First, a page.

I have read your posts with great interest. I have been digitising and reproducing images professionally since 1994. It streatched even the abilities of my Mac then - and my wallet! I remember needing an extra 16Mb of RAM to run Photoshop 4 a bit faster - it cost me nearly $600!
However, I've been fortunate over the years to have cameras bought for me by my employer, The British Ministry of Defence. Including a Kodak DCS 520 back in 1999 which had a 2 Megapixel CCD and cost $28,000!
I won't hesitate to tell you I have a preference for Canon. The first EOS film cameras were a revelation in the early 90s and the introduction of digital in conjunction with Kodak(as mentioned above)enhanced their reputation. More on that later...
The old rule that a camera is only as good as it's lens applies. But then you also have to consider that it will only be as good as it's chip. There's an economic and industrial reality here. Most of the chips, like most of the LCD screens and the lenses, are made in 3 or 4 factories in the far east. You could say that these days with the cheap availability of the raw components there should no such thing as a bad digital camera. Yet, we know that can't be true.
Like we say in the ebay scams thread, "if it looks too good to be true".
Anything with a name you recognise should be ok
Having said that, an aquaintance of mine visited New York about 10 years ago and came back proudly with what he thought was an SLR but was in fact a thinly disguised Instamatic with a plastic lens. It was a Suny and he paid $250!
Men will tell you that a big one is always better than a small one! You should get the metric system over there! The average works out at 150!!
I remember the days of the Bunker-Hunts when Kodak tried to make film smaller and smaller to save on the cost of silver. Digital put a stop to that and halved the price of silver jewellery. In pixel to print terms anything bigger than 5 megapixel will be as good as your 35mm film camera was.
I agree that a 1 megapixel chip will supply a pic just the right size to fit on a computer screen. However, at that scale you are losing detail because, invariably, the resolving power of a decent glass lens will be higher than the chip. For really crisp on-screen images use a 3+ Megapixel camera and rescale the image to fit. I generally resize to 900 x 600pixels. At 100% it will damn near fill the screen.
Back to my preference for Canon. At the same time I was procuring the aforementioned DCS 520, Canon released the D30. I tried to interest my boss in a $4000 pro-sumer camera but he was a little too buttoned-down and wouldn't take a chance on a camera equipped with what he said was a chip, "only good enough for counting potatoes!" - the C-MOS. A colleague of mine bought the D30 and we compared it with my DCS520. The difference was startling! The C-MOS chip was and is an outstanding piece of technology!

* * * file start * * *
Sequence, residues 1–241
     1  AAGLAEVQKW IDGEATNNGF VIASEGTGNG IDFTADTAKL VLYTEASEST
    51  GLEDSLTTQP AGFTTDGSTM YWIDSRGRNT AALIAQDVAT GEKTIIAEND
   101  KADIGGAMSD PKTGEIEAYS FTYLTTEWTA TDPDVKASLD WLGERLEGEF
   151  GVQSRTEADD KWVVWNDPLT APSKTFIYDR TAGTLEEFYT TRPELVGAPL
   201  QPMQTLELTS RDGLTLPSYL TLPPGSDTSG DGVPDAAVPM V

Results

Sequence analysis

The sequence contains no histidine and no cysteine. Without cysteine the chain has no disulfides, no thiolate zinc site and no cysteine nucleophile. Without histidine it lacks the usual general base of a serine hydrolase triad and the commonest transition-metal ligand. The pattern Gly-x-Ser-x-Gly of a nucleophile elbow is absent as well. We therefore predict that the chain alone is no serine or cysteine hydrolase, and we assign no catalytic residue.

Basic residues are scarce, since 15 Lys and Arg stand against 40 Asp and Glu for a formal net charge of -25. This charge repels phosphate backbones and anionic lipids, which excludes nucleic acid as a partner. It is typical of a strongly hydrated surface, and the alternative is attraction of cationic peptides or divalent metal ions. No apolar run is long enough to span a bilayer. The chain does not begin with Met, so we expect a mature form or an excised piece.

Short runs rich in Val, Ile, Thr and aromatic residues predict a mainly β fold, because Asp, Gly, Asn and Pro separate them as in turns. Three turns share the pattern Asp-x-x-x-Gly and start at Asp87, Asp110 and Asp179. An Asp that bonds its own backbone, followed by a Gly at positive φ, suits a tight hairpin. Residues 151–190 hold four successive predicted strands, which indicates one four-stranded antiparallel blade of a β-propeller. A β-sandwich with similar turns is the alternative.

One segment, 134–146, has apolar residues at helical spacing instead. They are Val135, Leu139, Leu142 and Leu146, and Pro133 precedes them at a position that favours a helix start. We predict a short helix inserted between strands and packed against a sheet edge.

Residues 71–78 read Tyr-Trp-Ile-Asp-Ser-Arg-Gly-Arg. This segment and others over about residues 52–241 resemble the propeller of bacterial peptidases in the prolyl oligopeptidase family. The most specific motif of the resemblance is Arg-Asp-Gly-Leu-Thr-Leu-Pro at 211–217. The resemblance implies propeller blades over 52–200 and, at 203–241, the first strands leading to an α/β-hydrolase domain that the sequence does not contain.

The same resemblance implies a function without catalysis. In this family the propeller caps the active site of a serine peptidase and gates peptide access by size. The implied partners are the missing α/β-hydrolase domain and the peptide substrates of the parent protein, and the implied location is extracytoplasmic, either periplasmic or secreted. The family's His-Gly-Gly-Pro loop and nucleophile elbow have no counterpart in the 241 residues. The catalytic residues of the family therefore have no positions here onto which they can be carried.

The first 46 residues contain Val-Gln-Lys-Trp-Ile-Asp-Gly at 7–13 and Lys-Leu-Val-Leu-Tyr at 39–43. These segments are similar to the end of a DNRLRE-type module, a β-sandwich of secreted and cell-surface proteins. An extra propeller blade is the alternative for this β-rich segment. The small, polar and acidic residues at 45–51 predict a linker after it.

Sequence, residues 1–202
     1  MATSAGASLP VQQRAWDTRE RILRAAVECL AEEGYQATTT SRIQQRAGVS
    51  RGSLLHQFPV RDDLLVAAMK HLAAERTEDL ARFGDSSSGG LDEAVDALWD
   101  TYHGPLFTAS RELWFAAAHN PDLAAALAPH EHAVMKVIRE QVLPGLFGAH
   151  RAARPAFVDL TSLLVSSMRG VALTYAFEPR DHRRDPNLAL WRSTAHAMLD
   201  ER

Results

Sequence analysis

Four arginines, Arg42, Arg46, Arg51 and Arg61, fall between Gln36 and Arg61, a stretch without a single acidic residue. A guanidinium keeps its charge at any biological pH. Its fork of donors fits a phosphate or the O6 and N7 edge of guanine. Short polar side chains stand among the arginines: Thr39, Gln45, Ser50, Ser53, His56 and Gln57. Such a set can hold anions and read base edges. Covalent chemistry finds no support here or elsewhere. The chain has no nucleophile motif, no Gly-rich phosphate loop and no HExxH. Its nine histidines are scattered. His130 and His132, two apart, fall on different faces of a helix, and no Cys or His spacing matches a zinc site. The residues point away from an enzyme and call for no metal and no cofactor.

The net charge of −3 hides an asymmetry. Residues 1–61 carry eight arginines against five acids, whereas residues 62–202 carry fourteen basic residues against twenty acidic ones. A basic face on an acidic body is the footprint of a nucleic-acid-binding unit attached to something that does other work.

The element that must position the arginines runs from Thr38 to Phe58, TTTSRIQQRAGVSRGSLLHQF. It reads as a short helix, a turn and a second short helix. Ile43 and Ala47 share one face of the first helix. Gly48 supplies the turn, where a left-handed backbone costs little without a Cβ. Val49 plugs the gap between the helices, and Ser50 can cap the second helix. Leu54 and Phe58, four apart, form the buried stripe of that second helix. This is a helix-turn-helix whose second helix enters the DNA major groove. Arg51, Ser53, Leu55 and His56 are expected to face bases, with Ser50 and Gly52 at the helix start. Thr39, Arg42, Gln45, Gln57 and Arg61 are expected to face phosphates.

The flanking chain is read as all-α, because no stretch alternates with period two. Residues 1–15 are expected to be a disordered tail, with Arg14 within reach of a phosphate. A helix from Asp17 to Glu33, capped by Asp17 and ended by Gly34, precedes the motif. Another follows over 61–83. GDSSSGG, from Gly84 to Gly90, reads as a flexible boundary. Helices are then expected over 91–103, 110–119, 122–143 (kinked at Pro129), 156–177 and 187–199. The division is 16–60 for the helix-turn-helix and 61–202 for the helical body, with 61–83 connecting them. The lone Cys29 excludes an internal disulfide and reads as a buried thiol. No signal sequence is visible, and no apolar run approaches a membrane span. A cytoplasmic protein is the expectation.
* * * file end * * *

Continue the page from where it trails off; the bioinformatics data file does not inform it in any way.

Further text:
Densely packed transistors and a low energy draw reduces noise and greatly enhances the ability of the chip to resolve detail and gradation. So much so that the latest 8+Megapixel chips can out-resolve medium format film!
Now the bad news! I don't have one!
The British Army did a deal with Nikon eons ago and that is all I can get. Even Nikon have bowed to the superior C-MOS technology and my One Page Business Case for the D2Xs (which for some strange bureaucratic reason takes One year to read) is in and I will get one ...sometime? ...maybe? ...never? ...perhaps eventually!
A sackful of lenses
Sony Cybershot - great Zeiss lens
Canon Powershot G1 - great camera! Ancient in digital terms, but has bounced and survived!
Canon IXUS 400 - great camera - found in the back of a New York taxi cab and resisted all attempts to be returned to it's rightful owner! It's my wife's but I use it on my days off! A no-brainer!
This is my next camera but I will have to give you a link to the UK version. I can't find a US equivalent. I think over there they're called Elphs.
Canon UK - Digital IXUS 800 IS
A truly fantastic compact! OK, it doesn't have a C-MOS - you need to go to the Canon digital SLRs to get that - but the spec is just amazing!
A proper wide-angle lens, a noiseless 800ASA and Image Stabalisation! Over here it's less than $500. I wouldn't hesitate to use it professionally.
Back to the size thingy: When I first got involved in photography I joined a camera club. I spent my first and last week sitting amongst affluent middle managers talking incessantly about the latest bit of expensive "kit" they had acquired. It taught me a lesson: Never buy a piece of camera equipment just for the sake of it. You may get bragging rights but where's the bloody results?! I've taken great pics with a pin-holed biscuit tin and a piece of 5" x 4" film!
I hope you like them...